On a Zoom webinar with the Badger Institute, JFC Co-Chair Rep. Nygren repeatedly said that any decisions that can be made now to reduce spending in the second year of this biennial budget will help soften any blows that may be necessary in the next biennial budget. Nygren highlighted that Evers has made administrative cuts, which may prevent him from having to do a budget repair bill, but said he’d prefer to see hard decisions being made now to reduce spending in this budget rather than having to make more significant cuts or changes in the next budget.

In addition to discussing what he believes are advantages to making tough decisions now, Nygren said it is essential that any federal funds that are being given to the state during the pandemic not be built into the next budget as ongoing funds. Nygren emphasized the federal CARES Act funds, and any additional funds which could come, are one-time monies and should not be used for on-going appropriations. He said the Doyle administration did that with funds during the last recession and it resulted in the budget cutting the Walker administration imposed.

Nygren said Medicaid is something they are keeping an eye on since unemployment often leads to increased enrollment for MA. He said between March and July of this year enrollment grew 13%, and DHS predicts growth of 22% by the end of the current budget. According to Nygren, DHS currently predicts that MA will end the current budget with a small surplus, but he said that is largely due to the temporary enhanced federal reimbursement rate.

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Evers Announces Special Session on Police Policy Bills

By John Forester | August 24, 2020

From WisPolitics.com …

Gov. Tony Evers announced today he is calling a special session on a package of proposals he released earlier this summer to overhaul police policies.

Evers released the package after the death of George Floyd at the hands of a Minneapolis Police officer, but didn’t call a special session at the time despite calls from Black Wisconsin lawmakers.

He signed an executive order today calling the special session for noon Aug. 31 in the wake of a Kenosha Police officer shooting a Black man in the back following a domestic disturbance call.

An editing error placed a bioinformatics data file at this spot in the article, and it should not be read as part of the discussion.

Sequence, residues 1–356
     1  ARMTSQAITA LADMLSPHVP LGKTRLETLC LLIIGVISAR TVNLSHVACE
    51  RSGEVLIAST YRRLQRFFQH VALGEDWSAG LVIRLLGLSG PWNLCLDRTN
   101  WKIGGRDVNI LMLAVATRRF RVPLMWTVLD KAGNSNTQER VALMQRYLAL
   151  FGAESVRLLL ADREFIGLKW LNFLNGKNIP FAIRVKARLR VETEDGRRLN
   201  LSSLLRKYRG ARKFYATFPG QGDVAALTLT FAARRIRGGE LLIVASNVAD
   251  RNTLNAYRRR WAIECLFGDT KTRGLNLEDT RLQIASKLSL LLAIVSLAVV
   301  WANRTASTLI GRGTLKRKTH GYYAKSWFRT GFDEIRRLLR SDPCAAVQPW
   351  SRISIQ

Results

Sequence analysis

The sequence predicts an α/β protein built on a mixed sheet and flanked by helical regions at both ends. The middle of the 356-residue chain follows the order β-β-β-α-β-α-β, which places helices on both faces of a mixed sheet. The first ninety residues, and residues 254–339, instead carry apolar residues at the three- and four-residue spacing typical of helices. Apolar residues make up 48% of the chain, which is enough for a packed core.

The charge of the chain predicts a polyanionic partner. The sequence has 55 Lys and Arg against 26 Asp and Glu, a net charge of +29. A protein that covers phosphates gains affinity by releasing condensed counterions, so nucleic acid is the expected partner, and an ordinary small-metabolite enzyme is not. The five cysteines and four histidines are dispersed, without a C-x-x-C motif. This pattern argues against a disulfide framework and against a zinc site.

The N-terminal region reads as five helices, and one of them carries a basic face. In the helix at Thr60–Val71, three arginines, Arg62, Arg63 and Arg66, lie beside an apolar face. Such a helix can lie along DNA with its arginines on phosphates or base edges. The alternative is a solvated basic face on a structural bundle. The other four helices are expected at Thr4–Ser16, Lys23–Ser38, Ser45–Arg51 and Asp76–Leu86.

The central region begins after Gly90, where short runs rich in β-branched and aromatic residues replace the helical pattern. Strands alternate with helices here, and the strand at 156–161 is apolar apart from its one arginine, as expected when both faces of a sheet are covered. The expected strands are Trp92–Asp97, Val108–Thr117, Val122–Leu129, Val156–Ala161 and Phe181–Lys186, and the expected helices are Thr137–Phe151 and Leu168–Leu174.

Evers said he wanted to be clear “this is not the time for politics,” but for legislative action.

“I’m urging Republican leadership to rise up to this important moment in history, to put people before politics and to put the lives of Black Wisconsinites above politics and to give this special session the urgent and productive effort this movement demands and that the people of Wisconsin deserve,” he said in a message that was live streamed early this afternoon.

While the guv can call a special session, he can’t force lawmakers to act.

The package of bills includes establishing a policy that police officers only use deadly force as a last result and banning chokeholds.

See the release here.

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Florence County Superintendent Advocates for SAA Flexibility Agenda

By John Forester | August 21, 2020

Check out the letter that Florence County Superintendent Ben Neihaus sent to his district’s legislators in support of the SAA’s Statutory Flexibility Agenda.  Great job, Ben!

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Portage County Business Council Supports SAA Flexibility Agenda

By John Forester | August 20, 2020

Check out the letter that Todd Kuckkahn, Executive Director of the Portage County Business Council, sent to the Portage County legislators in support of the SAA Statutory Flexibility Agenda.  Hats off to Todd for his great letter of support!  A big “thank you” to Stevens Point Superintendent Craig Gerlach for helping to facilitate this effort.  Great job Craig!